Last month we covered slide technique; this month we will discuss embouchure technique and the beginning of an approach to attempt to combine the slide and embouchure in a well timed manner, without the use of the tongue. Next month, we'll look at ways to add the tongue to this mix, as a device to further time in and thus smooth out the changes from note to note.

Before we get to the flexibilities, however, I would like to suggest a method for randomly building and choosing scales for use when practicing. Almost all of my exercises focus on one scale at a time, both as a limiting device so I don't spend too much time in one area of the horn, and as a musical device. The vast majority of our playing is in one key or another, and you can master various scales, modes and passing tones subconsciously while working on more technical aspects if you try this approach.

A Key a Day, A Key a Month. . .

The following three-step activity allows the player to synthesize a random scale form. This is a cinch if you have a music keyboard handy. If not, get twelve index cards and mark each of them with one of the notes of the chromatic scale. First, either by dropping a pencil on the keyboard or shuffling and picking out a card, choose a note. I just chose E. We are now in the key of E major. Second, randomly choose another note, one that is not in the key of E major. Let's say that we chose F. We are still in the key of E major, but now with an added chromatic note, F.(If the pencil or card chooses a note that is in the key of E, choose the next nearest note not in that key.) The third step is to choose another note by dropping the pencil or drawing a card. This last note can be either in the chosen key (E major), or the chosen chromatic note (F). Mine came out to be B. We have now created a quite interesting scale which happens to fit very well over a B13(#11) chord:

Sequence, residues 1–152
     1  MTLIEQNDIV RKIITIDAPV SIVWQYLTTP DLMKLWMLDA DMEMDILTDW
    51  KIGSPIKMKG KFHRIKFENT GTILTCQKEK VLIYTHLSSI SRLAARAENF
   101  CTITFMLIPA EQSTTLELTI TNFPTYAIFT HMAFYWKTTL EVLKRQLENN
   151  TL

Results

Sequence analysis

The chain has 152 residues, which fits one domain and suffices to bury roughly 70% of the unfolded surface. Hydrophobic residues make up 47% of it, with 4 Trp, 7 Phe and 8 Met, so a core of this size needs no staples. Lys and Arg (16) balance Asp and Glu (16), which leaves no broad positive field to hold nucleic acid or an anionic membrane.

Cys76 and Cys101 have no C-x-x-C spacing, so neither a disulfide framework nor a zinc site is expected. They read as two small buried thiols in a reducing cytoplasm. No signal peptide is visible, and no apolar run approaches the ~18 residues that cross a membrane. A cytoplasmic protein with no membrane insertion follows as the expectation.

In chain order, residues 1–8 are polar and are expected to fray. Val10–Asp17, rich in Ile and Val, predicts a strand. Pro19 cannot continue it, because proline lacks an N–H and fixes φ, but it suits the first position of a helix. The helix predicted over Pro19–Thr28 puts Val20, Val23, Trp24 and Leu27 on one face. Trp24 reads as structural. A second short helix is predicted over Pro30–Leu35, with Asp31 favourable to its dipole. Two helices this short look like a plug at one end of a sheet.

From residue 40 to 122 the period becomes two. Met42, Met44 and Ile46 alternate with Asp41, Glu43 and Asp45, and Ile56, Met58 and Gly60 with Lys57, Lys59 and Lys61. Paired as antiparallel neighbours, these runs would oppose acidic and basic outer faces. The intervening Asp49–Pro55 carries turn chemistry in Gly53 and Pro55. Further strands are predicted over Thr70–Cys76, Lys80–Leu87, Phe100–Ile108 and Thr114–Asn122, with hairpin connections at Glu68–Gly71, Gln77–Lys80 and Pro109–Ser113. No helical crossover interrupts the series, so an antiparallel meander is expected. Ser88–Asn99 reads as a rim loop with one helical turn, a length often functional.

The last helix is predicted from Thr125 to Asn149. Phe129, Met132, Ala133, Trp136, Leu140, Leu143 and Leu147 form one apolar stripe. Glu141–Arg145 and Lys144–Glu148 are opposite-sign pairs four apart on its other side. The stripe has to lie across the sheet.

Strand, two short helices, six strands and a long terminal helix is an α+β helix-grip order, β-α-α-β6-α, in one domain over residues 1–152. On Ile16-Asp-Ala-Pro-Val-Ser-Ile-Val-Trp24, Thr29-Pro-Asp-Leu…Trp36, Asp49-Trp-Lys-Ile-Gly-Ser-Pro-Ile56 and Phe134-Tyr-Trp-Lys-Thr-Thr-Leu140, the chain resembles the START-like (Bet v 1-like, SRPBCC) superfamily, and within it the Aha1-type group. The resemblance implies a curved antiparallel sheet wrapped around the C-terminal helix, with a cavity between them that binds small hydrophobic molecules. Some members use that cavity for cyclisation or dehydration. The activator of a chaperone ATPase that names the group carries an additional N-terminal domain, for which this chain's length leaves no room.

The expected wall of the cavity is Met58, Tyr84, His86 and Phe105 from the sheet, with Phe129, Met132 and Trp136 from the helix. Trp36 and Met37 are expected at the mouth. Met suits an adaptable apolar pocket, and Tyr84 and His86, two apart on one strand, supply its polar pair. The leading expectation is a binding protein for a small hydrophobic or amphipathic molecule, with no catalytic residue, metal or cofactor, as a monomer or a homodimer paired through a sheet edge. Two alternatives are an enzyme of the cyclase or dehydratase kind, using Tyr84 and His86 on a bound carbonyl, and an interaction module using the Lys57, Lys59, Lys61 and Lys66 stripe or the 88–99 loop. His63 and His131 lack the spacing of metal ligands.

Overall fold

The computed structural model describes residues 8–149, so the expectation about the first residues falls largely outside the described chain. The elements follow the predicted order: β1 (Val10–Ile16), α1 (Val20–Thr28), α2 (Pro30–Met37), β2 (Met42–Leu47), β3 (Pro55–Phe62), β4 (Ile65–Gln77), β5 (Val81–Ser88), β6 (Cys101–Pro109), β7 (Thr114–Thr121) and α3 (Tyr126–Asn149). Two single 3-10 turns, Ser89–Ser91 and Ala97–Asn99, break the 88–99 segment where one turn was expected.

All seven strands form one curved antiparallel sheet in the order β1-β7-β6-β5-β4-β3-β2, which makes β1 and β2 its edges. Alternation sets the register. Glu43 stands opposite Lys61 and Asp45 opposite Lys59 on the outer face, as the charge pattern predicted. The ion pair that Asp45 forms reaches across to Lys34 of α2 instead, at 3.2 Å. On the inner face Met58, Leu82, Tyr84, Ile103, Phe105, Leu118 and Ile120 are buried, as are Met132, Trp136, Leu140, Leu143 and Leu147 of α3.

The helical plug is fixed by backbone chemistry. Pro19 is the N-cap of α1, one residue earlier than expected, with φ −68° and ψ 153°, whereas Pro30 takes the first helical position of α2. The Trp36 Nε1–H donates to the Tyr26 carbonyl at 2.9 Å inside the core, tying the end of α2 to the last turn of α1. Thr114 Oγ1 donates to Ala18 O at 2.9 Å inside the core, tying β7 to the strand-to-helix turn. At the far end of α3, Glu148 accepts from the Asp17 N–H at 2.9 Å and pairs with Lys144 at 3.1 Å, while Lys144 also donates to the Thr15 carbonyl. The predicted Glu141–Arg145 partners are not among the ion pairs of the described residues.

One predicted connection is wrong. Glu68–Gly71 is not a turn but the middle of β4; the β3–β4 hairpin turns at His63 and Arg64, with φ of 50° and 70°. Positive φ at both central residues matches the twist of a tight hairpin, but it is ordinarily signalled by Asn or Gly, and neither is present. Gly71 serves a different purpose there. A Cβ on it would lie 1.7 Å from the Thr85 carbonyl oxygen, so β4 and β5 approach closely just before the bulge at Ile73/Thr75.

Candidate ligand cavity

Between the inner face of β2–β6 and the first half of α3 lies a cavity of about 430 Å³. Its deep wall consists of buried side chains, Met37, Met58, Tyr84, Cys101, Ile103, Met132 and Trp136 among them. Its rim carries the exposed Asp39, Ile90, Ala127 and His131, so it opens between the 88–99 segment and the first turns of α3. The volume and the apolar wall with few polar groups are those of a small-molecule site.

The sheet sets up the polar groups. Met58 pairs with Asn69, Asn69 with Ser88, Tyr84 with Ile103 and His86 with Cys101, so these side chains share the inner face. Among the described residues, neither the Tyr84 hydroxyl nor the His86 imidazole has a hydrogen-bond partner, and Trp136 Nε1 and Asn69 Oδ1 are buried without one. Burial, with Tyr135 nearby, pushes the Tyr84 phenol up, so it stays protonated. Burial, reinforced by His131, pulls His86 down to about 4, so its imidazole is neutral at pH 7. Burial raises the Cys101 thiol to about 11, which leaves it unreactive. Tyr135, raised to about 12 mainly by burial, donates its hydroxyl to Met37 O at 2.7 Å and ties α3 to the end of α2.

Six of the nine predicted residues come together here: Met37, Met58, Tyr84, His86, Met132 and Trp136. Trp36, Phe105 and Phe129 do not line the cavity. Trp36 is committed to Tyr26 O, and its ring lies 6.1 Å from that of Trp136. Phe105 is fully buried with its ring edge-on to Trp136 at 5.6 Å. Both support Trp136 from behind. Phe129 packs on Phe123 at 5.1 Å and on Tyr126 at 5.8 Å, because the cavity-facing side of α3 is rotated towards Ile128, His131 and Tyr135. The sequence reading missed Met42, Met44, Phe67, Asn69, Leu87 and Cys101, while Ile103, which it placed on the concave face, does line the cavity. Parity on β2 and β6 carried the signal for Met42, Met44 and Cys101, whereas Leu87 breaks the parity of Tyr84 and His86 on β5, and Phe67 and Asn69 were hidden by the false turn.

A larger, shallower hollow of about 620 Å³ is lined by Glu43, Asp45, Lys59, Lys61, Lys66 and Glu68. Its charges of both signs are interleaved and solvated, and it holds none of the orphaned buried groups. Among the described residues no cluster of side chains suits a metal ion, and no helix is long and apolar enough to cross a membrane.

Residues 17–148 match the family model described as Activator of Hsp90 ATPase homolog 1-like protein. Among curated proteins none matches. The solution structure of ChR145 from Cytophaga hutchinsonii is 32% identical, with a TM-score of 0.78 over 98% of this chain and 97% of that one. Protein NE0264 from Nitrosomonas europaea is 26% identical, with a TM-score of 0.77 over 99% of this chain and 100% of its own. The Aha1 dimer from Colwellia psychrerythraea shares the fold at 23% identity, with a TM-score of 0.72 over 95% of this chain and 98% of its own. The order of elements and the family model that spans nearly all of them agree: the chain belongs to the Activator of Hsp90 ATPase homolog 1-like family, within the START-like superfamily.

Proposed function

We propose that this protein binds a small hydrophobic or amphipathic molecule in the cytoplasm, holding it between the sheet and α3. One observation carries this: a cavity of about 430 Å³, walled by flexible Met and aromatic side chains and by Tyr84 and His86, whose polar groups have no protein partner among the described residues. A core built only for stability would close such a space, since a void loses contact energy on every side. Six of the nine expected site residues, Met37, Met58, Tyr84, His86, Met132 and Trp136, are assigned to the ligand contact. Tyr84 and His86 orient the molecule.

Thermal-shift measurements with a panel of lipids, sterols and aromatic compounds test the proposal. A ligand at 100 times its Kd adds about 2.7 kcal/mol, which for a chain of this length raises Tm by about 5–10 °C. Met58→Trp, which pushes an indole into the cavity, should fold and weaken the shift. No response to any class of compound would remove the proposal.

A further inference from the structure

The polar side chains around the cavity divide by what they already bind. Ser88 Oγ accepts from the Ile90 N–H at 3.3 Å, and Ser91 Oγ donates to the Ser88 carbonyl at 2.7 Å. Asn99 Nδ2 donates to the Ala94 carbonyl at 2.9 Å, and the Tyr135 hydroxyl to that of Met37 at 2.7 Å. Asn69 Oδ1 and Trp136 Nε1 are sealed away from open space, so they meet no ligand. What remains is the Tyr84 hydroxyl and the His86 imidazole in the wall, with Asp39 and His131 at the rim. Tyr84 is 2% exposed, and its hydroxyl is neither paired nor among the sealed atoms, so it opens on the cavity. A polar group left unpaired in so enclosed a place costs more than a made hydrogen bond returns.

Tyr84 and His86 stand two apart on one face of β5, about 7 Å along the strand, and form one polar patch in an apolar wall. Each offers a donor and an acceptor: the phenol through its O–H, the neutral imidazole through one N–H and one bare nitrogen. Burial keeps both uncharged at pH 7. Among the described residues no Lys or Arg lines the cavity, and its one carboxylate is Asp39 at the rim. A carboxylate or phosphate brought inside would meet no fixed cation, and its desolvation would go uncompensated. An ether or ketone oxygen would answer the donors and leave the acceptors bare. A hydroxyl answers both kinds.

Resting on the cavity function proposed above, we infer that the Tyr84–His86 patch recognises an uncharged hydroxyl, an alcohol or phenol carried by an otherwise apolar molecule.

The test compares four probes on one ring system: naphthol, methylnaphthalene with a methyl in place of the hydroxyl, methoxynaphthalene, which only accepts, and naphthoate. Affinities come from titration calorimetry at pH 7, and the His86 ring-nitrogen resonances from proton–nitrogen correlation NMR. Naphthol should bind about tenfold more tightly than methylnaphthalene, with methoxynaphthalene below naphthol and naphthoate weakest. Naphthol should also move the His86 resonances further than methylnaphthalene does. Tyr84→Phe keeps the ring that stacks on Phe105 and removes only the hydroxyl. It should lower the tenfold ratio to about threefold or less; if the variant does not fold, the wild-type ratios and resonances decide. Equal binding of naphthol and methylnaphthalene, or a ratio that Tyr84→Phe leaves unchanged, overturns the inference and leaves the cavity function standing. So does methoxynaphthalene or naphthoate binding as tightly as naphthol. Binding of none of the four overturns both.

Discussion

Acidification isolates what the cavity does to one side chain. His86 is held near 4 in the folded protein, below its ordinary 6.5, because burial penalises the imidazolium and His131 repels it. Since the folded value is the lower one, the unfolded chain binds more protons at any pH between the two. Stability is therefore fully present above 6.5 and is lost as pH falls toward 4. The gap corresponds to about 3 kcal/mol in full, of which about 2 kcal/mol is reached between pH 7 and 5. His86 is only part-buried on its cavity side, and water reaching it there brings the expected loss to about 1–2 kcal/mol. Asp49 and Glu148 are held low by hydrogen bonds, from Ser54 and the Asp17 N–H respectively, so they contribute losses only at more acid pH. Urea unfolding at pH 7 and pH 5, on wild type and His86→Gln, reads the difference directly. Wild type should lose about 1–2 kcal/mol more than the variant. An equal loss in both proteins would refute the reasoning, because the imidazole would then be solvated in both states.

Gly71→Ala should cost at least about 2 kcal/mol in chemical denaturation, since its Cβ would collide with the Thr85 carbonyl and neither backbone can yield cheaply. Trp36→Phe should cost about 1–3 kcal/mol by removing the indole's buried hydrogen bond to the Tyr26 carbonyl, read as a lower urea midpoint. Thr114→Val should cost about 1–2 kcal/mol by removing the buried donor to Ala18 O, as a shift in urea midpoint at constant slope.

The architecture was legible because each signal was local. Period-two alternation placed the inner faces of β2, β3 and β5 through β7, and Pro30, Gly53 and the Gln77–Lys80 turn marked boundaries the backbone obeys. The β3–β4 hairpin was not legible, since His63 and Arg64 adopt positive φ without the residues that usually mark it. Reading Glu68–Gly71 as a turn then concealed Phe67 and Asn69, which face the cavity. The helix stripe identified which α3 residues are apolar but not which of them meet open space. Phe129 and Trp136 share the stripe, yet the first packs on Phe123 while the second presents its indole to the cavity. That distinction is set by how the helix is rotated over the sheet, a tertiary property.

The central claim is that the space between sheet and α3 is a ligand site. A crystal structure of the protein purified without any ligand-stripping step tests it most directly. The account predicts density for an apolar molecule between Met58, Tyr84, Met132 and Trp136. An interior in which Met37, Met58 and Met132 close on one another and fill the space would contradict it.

Example 1: Practice scale.